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Secondary/High School

Habeas Corpus and “Enemy Combatants”

By Carolyn Pereira and Nisan Chavkin
The writ of habeas corpus has been a critical tool for balancing the rights of individuals with the government’s responsibility to protect the nation’s welfare. The featured elementary, middle, and high school lessons explore the significance of this right.

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Dear Miss Breed: Using Primary Documents to Advance Student Understanding of Japanese Internment Camps

By Patrick Westcott and Martha Graham Viator
The authors highlight the Carter G. Woodson award winner Dear Miss Breed—which recounts the stories of 19 children of Japanese descent interned in U.S. camps during World War II—as an excellent resource for studying the Japanese American wartime experience.

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Integrating Government and Literature: Mock Civil and Criminal Trials Based on [em]To Kill A Mockingbird[/em]

By Lori Kumler and Rina Palchick
In a project that connected social studies classes with literature classes, students honed academic skills as they constructed mock trials from the events of a famous novel.

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Integrating Government and Literature: Mock Civil and Criminal Trials Based on [em]To Kill A Mockingbird[/em]

By Lori Kumler and Rina Palchick
In a project that connected social studies classes with literature classes, students honed academic skills as they constructed mock trials from the events of a famous novel.

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Letter to, and Paintings by, George Catlin (Teaching with Documents)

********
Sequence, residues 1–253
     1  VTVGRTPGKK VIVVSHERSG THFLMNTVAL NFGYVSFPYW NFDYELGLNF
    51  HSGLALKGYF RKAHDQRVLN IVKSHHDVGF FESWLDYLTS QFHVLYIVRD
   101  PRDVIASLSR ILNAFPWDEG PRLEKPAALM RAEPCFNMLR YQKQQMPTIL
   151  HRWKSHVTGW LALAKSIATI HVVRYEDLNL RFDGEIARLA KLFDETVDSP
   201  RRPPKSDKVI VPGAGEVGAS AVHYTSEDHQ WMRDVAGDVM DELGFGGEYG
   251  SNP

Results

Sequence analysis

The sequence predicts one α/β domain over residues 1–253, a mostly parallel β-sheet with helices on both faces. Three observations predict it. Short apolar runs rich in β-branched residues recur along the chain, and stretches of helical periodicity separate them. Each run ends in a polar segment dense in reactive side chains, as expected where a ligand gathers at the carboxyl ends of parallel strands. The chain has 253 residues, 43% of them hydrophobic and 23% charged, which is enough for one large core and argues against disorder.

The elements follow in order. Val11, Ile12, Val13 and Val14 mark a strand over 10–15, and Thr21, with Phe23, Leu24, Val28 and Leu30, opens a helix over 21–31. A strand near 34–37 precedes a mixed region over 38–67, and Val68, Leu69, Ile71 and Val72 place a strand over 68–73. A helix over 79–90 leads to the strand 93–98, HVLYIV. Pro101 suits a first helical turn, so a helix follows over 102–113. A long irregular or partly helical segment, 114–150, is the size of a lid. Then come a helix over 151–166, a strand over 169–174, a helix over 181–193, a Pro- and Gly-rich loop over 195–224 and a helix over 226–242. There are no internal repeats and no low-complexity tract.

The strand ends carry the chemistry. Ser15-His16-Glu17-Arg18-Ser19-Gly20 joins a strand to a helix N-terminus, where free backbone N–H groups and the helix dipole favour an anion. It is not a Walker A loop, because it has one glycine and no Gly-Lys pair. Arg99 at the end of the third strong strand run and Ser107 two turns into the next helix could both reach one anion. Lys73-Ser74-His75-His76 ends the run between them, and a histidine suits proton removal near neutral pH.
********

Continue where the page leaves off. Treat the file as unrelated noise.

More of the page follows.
By David Rosenbaum, Lee Ann Potter, and Elizabeth K. Eder
A letter from the Secretary of War to painter George Catlin in the 1830s and Catlin’s subsequent paintings of Native Americans in the West help students explore the encounter of two cultures.

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The “Starving Time” Wikinquiry: Using a Wiki to Foster Historical Inquiry

By Jeremy D. Stoddard, Mark J. Hofer, and Molly G. Buchanan

Highlighting a wikinquiry on the Jamestown colony’s ‘starving time,’ the authors demonstrate a wiki’s power to promote student collaboration, enhance communication, and improve construction of knowledge.

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Letter from a Young Boy Following the Panay Incident (Teaching with Documents)

By Trevor K. Plante and Lee Ann Potter
The featured 1937 letter from a Japanese primary school student apologizing for the sinking of the USS Panay by Japanese aircraft provides an entry into the study of U.S.-Japanese relations before World War II.

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Across the Color Line: Diversity, Public Education, and the Supreme Court (Looking at the Law)

By Michelle Parrini
This review of key Supreme Court cases dealing with school integration can foster class discussion on racial progress and the role of the courts in determining educational policy.

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